Unit #5_Review Questions File
... 9. What factors influence teen sexuality, teen pregnancy, and risk of sexually
10. What has research taught us about sexual orientation?
11. What evidence points to our human need to belong?
Chapter 12-Emotions, Stress & Health
1. What are the components of an emotion?
2. Wha ...
... things and more influenced by leading questions. On the other hand,
flashbulb memories are thought to be stronger, so emotion might make
someone’s memory more accurate. We often have very sharp memories of
occasions when we were emotionally aroused.
Negative Affect and Emotional Trade-off Difficulty
... Under process accountability (PA) decision makers are accountable for the procedure used to
arrive at a decision whereas under outcome accountability (OA) they are accountable only for the
quality of the outcome, with no evaluation of their decision process (Escalas and Luce 2004).
This research als ...
Risk - TransConflict
... All links in the communication chain, individuals, groups, media, etc., contain filters
through which information is sorted and understood.
The theory attempts to explain the process by which risks are amplified, receiving
public attention, or attuned, receiving less public attention.
The main thesi ...
PowerPoint Slides - Academic Csuohio
... Particular fears of individuals also affect the intensity
of emotional responses evoked.
Stimulus discrimination: the ability of audience
members at various ages to be able to distinguish
Affect and psychological magnification: Denvations from Tomkins
... The findings also suggest different kinds of script formation in males and females.
Tomkins (1979) has introduced a new theory of personality that is at
once old-fashioned in the sense of its comprehensiveness, and radically
new in its conceptualization of personality structure, dynamics, and
Name: Date: ______ 1. Conditioning is the process of A
... B) search for information that supports our preconceptions.
C) underestimate the extent to which our beliefs and judgments are inaccurate.
D) judge the likelihood of an event in terms of how readily instances of its occurrence are remembered.
64. Stockbrokers often believe that their own expertise w ...
Chapter 5 Discussion - Trace: Tennessee Research and Creative
... and generalized anxiety disorder (Mennin & Farach, 2007). Many studies found that ability to
deal with negative emotion is related to emotion-related disorders. Affect regulation influences
not only psychological distress but also biological response to stress.
Physiological change and Affect Regula ...
Cognitive control - Translational Neuromodeling Unit
... So how do those control systems regulate appraisal system activation?
Patterns of functional specificity are being discovered:
• Ventral PFC and OFC systems may evaluate the context-appropriate emotional value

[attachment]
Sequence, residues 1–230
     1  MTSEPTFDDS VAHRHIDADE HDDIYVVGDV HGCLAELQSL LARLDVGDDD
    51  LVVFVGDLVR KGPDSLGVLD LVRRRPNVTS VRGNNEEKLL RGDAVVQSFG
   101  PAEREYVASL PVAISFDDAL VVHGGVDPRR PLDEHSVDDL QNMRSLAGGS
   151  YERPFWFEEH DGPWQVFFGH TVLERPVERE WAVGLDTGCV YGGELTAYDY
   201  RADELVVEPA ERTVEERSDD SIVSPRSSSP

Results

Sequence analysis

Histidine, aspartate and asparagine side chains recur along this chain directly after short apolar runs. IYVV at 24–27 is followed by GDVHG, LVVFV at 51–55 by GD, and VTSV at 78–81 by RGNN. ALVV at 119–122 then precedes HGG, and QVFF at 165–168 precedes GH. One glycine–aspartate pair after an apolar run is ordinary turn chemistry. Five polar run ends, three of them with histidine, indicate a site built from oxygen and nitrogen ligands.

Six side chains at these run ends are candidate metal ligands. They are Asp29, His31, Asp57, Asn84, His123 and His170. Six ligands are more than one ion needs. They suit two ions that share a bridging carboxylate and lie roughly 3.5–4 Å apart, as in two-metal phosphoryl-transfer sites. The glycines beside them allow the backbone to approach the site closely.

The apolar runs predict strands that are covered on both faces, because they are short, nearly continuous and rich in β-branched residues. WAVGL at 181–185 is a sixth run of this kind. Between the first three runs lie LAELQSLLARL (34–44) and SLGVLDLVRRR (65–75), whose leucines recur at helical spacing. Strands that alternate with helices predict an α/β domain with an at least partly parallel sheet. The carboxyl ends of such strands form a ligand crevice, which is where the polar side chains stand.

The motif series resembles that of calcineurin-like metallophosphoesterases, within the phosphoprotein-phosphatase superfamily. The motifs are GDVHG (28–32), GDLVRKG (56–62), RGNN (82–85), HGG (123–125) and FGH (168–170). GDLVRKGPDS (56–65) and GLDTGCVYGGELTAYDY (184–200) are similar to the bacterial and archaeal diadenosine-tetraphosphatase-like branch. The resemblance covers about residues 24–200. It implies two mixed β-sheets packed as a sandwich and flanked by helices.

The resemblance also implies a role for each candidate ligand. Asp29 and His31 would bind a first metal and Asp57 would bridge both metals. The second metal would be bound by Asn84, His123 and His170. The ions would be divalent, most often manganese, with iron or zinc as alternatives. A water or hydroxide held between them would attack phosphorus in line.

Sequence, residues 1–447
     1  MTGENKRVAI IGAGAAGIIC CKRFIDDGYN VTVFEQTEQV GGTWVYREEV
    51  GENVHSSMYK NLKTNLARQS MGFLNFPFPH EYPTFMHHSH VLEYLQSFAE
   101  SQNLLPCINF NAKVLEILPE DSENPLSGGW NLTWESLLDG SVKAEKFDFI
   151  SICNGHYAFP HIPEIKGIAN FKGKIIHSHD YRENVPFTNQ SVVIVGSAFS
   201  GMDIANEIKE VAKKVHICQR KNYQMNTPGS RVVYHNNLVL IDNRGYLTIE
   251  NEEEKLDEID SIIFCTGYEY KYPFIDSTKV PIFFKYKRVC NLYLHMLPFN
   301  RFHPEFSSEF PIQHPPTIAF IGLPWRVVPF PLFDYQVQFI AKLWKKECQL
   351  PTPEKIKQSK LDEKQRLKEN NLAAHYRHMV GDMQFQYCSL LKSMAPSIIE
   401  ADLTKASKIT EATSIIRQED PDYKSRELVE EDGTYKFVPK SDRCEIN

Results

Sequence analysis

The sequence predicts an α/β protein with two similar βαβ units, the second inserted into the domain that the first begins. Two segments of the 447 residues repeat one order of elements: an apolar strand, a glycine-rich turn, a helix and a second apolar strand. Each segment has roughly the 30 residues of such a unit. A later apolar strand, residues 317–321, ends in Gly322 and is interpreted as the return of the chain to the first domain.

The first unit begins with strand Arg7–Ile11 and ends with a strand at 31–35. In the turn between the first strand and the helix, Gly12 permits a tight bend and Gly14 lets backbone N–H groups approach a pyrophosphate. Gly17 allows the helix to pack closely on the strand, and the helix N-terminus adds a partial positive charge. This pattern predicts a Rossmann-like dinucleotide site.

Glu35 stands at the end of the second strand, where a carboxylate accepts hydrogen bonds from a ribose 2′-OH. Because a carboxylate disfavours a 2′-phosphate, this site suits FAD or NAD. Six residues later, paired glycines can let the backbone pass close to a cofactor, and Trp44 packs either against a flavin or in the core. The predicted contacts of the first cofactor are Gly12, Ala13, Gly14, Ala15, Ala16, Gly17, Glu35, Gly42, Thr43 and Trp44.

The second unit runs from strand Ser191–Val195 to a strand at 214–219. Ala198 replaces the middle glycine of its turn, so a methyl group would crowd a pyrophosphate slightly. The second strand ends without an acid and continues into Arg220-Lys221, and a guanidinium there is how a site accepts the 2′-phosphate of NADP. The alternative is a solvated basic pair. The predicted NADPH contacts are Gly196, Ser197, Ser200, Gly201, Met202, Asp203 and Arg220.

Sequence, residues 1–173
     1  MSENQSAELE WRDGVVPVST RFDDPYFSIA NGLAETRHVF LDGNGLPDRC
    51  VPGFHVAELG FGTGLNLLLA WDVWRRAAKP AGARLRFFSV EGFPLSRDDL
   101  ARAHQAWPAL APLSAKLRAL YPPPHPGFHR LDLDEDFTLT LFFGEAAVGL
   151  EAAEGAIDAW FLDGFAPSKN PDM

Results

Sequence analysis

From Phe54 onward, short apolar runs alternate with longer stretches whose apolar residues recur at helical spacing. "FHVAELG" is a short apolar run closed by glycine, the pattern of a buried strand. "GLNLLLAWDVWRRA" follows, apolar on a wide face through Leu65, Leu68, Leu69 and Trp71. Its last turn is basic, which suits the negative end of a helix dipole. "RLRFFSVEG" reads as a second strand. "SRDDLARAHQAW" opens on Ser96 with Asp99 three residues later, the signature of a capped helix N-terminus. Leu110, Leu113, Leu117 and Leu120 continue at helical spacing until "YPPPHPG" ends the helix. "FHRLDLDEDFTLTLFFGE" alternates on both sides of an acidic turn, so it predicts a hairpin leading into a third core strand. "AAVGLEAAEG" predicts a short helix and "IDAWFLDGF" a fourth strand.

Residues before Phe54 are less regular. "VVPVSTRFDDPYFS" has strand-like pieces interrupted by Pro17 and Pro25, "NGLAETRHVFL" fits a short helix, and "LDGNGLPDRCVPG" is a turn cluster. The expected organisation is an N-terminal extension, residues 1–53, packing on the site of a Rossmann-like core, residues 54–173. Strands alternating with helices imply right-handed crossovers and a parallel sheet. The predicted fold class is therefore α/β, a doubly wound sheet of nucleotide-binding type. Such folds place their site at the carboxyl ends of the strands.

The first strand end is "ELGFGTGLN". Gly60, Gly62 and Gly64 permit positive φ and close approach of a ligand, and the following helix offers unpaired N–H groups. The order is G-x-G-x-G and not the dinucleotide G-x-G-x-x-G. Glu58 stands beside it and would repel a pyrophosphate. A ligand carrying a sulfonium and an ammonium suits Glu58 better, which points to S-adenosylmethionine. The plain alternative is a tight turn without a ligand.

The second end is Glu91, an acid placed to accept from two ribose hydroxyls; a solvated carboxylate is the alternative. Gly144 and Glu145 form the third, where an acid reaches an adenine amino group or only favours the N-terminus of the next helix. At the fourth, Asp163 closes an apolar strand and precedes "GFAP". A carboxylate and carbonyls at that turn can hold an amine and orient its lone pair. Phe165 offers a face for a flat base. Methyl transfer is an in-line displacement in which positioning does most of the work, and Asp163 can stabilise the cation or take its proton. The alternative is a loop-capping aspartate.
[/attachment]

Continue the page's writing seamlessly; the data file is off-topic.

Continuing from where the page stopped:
of stimuli and select actions on the basis of those evaluations. This might directly affec ...
Operant vs. Respondent Conditioning
... In operant conditioning, must
detect response in order to know
when to deliver reinforcement
In respondent conditioning, must
detect response to know whether
conditioning is taking place
NIH Public Access - Rutgers University Department of Psychology
... In contrast, a secondary drive was defined as a learned or acquired state. Money, as previously
mentioned, is an example of a secondary reinforcer, which acquires its reinforcing properties
through its association with primary reinforcers (i.e. money can be used to acquire food). Due
to societal and ...
The affect heuristic is a heuristic, a mental shortcut that allows people to make decisions and solve problems quickly and efficiently, in which current emotion—fear, pleasure, surprise, etc.—influences decisions. In other words, it is a type of heuristic in which emotional response, or ""affect"" in psychological terms, plays a lead role. It is a subconscious process that shortens the decision-making process and allows people to function without having to complete an extensive search for information. It is shorter in duration than a mood, occurring rapidly and involuntarily in response to a stimulus. Reading the words ""lung cancer"" usually generates an affect of dread, while reading the words ""mother's love"" usually generates a feeling of affection and comfort. The affect heuristic is typically used while judging the risks and benefits of something, depending on the positive or negative feelings that people associate with a stimulus. It is the equivalent of ""going with your gut"". If their feelings towards an activity are positive, then people are more likely to judge the risks as low and the benefits high. On the other hand, if their feelings towards an activity are negative, they are more likely to perceive the risks as high and benefits low.